From Ruben Bolling… on-target for so many topics.
(h/t The Daily Kos)
An insightful excerpt from this article:
And right now the Republican Party accommodates too much quackery, belligerence and misplaced moralism to play a fully credible part in a vital, essential debate about the size and scope of government.
I make special note of the phrase "right now" because the Republican Party was not always that way. The editorial also notes that there’s hope, which is encouraging.
Paul Krugman had an editorial today in the New York Times about the decidedly anti-science bent of the Republican party… or at least of the current crop of candidates. John Huntsman seems to be the only candidate grounded in actual scientific reality at the moment. Romney was, too, but now he’s hedging.
When it comes to science, Republicans seem to have no problem with things like atomic theory, gravitational theory, germ theory, physics, chemistry, etc. The problem is just when it comes to science that reaches conclusions that don’t mesh well with their ideology (or the ideology of their base). The obvious mentions are evolution and climate change, both of which are supported by an astounding amount of evidence, yet both of which cause Republicans some discomfort; one on political note and one on a theological note. But rather than acting responsibly and dealing with the reality the science represents, they attack the science or the scientists or the data or (more often) the make-believe stories conjured up as easily-attackable straw men.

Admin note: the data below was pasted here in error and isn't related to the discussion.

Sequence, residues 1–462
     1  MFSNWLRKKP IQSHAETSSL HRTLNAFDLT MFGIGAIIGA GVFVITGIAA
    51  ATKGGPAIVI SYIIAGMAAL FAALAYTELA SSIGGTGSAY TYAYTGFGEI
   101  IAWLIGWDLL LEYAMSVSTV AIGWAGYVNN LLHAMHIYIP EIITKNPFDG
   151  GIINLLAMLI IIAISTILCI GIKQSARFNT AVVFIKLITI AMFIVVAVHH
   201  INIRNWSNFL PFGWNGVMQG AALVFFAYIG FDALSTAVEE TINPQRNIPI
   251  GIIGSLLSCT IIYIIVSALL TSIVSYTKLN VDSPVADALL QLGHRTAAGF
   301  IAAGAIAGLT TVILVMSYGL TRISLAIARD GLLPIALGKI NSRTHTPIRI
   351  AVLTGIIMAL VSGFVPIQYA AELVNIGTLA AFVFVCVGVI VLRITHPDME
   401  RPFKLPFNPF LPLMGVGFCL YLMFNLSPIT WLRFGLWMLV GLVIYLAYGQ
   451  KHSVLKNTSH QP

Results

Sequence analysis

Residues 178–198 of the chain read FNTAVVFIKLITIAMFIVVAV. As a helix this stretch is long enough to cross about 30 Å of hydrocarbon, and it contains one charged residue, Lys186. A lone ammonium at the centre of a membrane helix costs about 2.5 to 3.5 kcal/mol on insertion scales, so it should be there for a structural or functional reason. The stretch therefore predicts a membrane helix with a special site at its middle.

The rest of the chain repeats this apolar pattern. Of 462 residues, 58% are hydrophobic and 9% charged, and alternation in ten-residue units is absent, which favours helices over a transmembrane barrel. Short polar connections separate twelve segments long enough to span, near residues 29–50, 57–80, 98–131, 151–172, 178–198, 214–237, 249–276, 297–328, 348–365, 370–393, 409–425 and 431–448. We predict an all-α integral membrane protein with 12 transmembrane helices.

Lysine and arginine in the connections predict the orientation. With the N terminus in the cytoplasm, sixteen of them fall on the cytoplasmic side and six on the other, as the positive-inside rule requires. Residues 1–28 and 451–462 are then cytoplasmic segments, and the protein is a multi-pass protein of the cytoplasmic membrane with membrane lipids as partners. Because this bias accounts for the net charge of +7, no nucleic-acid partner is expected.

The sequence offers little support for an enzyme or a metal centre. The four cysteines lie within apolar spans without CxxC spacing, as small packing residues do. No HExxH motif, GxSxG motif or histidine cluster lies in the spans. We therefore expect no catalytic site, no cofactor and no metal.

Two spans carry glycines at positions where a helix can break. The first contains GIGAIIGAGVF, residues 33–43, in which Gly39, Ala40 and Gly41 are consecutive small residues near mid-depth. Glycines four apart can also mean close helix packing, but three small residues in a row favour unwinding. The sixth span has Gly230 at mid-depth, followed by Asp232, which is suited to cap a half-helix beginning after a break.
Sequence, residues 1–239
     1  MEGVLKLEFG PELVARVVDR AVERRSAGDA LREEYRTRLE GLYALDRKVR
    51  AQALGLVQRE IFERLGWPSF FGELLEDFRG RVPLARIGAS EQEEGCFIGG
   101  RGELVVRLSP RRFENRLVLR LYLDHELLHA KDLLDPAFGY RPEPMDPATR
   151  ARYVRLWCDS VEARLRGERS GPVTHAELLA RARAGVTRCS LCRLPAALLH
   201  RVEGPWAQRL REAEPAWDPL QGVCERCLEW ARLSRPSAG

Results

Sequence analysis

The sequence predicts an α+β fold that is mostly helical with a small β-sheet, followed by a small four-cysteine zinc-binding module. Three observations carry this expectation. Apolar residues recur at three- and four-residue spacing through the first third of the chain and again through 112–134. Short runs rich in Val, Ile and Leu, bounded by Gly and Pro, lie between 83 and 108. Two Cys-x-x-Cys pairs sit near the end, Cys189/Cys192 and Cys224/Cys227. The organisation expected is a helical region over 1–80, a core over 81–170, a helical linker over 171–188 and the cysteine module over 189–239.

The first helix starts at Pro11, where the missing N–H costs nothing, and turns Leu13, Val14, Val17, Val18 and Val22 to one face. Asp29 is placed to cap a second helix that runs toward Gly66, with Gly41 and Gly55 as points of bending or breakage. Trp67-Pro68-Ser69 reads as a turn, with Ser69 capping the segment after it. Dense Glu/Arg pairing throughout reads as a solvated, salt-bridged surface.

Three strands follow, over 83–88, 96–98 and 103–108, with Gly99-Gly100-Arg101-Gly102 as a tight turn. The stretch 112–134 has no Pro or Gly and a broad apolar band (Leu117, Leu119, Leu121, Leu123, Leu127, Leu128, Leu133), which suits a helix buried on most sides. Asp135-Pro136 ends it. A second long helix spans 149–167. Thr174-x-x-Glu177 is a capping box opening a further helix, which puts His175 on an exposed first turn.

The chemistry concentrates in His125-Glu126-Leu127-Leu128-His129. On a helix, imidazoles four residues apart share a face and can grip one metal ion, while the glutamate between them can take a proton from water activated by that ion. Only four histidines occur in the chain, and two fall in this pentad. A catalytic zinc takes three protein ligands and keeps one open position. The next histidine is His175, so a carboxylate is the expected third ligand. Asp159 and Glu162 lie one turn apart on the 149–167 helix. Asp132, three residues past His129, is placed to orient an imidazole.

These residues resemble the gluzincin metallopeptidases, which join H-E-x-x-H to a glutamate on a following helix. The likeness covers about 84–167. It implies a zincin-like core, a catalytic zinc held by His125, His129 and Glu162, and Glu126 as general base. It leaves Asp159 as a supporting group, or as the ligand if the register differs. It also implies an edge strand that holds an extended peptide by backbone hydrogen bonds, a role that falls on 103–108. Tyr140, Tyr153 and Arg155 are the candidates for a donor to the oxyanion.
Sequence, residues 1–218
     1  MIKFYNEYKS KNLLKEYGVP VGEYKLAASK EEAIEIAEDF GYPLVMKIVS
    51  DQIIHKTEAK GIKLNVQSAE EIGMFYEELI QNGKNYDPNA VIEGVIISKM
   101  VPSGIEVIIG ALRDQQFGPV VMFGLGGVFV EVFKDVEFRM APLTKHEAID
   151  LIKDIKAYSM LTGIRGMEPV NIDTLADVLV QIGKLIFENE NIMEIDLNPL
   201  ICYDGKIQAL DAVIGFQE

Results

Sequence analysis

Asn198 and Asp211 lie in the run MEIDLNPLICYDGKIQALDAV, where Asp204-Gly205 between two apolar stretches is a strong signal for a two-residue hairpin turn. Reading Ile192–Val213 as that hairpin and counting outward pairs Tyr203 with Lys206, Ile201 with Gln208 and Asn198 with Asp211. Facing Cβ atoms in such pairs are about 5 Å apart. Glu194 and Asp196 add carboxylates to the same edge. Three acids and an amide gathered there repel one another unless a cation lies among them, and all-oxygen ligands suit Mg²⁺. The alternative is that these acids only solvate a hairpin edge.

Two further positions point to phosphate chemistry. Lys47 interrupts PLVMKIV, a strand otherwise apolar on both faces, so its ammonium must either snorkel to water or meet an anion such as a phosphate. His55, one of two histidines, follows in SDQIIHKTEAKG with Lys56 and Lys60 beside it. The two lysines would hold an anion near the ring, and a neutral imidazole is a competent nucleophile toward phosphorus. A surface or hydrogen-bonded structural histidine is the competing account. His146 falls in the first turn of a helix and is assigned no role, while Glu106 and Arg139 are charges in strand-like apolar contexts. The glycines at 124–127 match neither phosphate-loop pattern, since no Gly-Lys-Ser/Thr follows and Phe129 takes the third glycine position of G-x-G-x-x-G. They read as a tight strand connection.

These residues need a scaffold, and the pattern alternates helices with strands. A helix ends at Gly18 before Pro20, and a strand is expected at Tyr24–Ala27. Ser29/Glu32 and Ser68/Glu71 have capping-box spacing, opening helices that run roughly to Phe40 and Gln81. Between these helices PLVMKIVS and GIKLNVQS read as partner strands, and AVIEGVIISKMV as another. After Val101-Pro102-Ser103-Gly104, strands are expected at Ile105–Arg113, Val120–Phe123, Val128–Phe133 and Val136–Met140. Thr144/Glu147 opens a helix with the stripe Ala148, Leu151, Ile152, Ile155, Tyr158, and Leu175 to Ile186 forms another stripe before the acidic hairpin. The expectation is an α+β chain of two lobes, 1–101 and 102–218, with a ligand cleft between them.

Sadly, Huntsman is way behind in the polls, so that leaves either the outright anti-science group or Romney, who has, in a politically stereotypical move, hedged his bets on science in an attempt to placate the Republican base. That leaves the party with pretty lame options. As Krugman says in his editorial…
So it’s now highly likely that the presidential candidate of one of our two major political parties will either be a man who believes what he wants to believe, even in the teeth of scientific evidence, or a man who pretends to believe whatever he thinks the party’s base wants him to believe.
Phil Plait, on his Bad Astronomy blog, follows up on Krugman’s piece with a few more details on some of the candidates, and with this thought…
[Huntsman] recently said he thinks both evolution and global warming are real. This makes me sad, and scared. Why? Because this statement is considered bold.
How can it be bold to accept reality, to not deny the overwhelming evidence, and to agree with the vast, vast majority of scientists studying the very topics of discussion?